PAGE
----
I HAVE always enjoyed going to watch FA Youth Cup matches, both as a fan and reporter.

The chance to see the next generation of talent coming through and hopefully be at the start of what may turn out to be a road to the top is something that always gives me a buzz.

But I think the FA Youth Cup is in danger of going down the same road as it’s big brother the FA Cup and being devalued.

Going back in history, winning the biggest prize at under-18s’ level was revered. It was a sign of how good a club’s production line was from schoolboy footballer to potential first-teamer.

It was also an opportunity for a club’s youngsters to sample a taste of the big time – to play at an Old Trafford or Anfield and enjoy the big-match experience.

But there are some teams now who opt to play their ties away from first-team stadia.

In recent years Manchester United have played some early-round ties at non-league Altrincham FC – where some of their reserve games are held.

More recently, Manchester City’s semi-final first-leg victory against Stoke was held at the Blues’ academy ground.

While there was a decent crowd in attendance, it is a shame those young players were not given the chance to grace the main turf at the Etihad.

Part of a player’s development is not just their footballing talent but also nurturing the mentality of a top star and seeing how they respond to the big occasion.

They are not going to learn much if they do not get that experience.

It is an important aspect for me that should be a stipulation from FA chiefs – it not only helps players but also gives parents and children an affordable way to watch football at the main stadium and allow youngsters to get the football bug early on.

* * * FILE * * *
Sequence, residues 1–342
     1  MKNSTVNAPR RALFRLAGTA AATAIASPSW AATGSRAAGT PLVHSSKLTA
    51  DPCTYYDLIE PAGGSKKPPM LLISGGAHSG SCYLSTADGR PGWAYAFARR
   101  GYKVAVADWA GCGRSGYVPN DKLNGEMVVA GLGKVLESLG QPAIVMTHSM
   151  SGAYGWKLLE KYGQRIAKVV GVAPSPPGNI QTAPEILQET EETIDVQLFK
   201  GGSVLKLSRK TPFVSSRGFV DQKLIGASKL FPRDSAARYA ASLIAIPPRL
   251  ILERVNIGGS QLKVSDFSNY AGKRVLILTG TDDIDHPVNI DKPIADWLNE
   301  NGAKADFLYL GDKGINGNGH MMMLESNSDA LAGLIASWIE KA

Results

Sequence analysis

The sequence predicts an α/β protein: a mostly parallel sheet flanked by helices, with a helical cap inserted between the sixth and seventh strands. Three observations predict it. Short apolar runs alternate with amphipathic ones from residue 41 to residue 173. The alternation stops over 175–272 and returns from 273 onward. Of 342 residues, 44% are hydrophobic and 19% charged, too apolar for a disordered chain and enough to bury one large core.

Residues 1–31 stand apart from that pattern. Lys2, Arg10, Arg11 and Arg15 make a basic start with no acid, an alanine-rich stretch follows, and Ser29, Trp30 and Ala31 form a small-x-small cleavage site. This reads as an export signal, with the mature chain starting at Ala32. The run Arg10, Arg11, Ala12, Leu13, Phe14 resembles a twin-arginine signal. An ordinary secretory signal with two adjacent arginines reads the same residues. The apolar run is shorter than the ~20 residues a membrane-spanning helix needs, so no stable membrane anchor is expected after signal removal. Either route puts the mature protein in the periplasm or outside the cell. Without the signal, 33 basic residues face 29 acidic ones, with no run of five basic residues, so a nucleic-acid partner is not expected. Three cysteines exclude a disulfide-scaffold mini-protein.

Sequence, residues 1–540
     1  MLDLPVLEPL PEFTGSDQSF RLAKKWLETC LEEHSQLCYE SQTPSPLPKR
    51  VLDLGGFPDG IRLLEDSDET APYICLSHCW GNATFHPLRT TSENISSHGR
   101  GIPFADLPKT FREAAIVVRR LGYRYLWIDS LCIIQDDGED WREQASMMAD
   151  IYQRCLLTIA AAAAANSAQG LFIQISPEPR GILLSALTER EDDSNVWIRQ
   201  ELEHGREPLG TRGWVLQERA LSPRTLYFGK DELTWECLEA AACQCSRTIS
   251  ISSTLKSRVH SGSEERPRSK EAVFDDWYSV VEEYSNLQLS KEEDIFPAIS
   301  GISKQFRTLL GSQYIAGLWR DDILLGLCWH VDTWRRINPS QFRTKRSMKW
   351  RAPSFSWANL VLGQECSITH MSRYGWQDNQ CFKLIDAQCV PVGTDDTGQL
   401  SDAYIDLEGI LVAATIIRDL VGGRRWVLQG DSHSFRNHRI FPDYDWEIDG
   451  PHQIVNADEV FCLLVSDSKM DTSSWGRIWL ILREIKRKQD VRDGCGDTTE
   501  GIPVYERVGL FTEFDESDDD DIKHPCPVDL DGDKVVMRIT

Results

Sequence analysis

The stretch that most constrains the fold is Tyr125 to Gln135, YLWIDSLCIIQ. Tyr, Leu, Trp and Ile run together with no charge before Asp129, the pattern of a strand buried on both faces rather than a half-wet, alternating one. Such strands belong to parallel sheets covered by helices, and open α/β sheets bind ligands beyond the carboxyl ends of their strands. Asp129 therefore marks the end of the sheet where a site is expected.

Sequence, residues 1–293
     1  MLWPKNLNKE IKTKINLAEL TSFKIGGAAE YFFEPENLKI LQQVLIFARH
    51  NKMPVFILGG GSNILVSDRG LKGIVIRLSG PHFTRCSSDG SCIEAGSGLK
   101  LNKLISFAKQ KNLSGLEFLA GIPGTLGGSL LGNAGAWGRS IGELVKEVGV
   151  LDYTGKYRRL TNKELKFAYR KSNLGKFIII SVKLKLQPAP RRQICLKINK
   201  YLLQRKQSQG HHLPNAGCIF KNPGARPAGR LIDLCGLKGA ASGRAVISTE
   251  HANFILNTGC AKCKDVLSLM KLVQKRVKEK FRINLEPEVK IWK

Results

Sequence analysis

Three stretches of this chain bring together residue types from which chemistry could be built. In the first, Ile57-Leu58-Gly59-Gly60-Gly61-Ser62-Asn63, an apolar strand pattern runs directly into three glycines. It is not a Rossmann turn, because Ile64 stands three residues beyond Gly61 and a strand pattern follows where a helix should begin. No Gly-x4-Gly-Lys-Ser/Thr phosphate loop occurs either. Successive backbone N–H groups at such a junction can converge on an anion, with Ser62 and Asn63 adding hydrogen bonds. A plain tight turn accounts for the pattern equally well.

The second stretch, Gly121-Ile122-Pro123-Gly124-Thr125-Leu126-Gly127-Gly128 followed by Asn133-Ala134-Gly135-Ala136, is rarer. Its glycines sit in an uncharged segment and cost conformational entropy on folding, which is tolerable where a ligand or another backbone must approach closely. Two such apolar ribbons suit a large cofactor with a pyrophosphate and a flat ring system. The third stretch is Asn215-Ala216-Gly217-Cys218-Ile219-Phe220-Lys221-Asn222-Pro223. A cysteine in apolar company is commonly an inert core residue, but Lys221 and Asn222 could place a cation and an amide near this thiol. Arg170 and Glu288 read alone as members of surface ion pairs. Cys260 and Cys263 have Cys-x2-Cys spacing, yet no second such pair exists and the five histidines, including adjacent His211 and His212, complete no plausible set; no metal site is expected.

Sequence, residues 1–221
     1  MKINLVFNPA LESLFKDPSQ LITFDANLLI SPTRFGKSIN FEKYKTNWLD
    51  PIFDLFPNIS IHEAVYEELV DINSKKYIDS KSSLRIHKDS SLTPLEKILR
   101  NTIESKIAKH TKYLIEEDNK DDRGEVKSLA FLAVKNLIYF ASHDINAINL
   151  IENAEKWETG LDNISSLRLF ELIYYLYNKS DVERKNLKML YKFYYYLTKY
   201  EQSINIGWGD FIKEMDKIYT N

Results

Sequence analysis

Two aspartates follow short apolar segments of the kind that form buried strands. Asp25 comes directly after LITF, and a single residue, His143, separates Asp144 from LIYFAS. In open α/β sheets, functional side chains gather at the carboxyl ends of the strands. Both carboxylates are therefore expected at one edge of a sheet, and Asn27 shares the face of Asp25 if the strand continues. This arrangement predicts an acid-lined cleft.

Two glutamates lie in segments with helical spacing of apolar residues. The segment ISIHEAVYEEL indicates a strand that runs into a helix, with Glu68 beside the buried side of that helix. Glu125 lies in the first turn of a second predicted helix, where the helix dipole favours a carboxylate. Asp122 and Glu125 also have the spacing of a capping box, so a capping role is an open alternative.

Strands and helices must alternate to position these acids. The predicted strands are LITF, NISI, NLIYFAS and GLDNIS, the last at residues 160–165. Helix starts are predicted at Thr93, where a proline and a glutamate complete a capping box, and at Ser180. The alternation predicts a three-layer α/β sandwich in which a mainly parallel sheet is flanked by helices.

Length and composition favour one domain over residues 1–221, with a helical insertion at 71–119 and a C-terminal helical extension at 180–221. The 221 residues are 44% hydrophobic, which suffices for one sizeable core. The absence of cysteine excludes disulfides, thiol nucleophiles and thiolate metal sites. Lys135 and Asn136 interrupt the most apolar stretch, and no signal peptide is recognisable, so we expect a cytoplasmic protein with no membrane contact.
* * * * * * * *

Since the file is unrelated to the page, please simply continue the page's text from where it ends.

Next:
If you look back at when Wanderers U18s had their run to the last eight four years ago, those players got to experience big nights under lights at White Hart Lane – and that incredible 8-4 win – and Nottingham Forest’s City Ground.

Zach Clough, who now calls Forest home, and Rob Holding, now at Arsenal, were both in that squad and I am sure it gave them a taste of what could come.

It can only have helped. It will have been the same for the Manchester United side that won the FA Youth Cup against Sheffield United in 2011 in front a combined attendance more than 50,000 over the two legs.

That side that won a 10th Youth Cup for the Red Devils included the likes of Paul Pogba, Michael Keane, Jesse Lingard and Bolton loanee Tom Thorpe as captain.

Those players have not done too badly for themselves in the game and their grounding in big matches as teenagers can only have helped their progression.

It’s important the FA make sure the competition keeps being held in high esteem and reverting to all games being at first-team stadia would be a good way to start – for players and fans alike.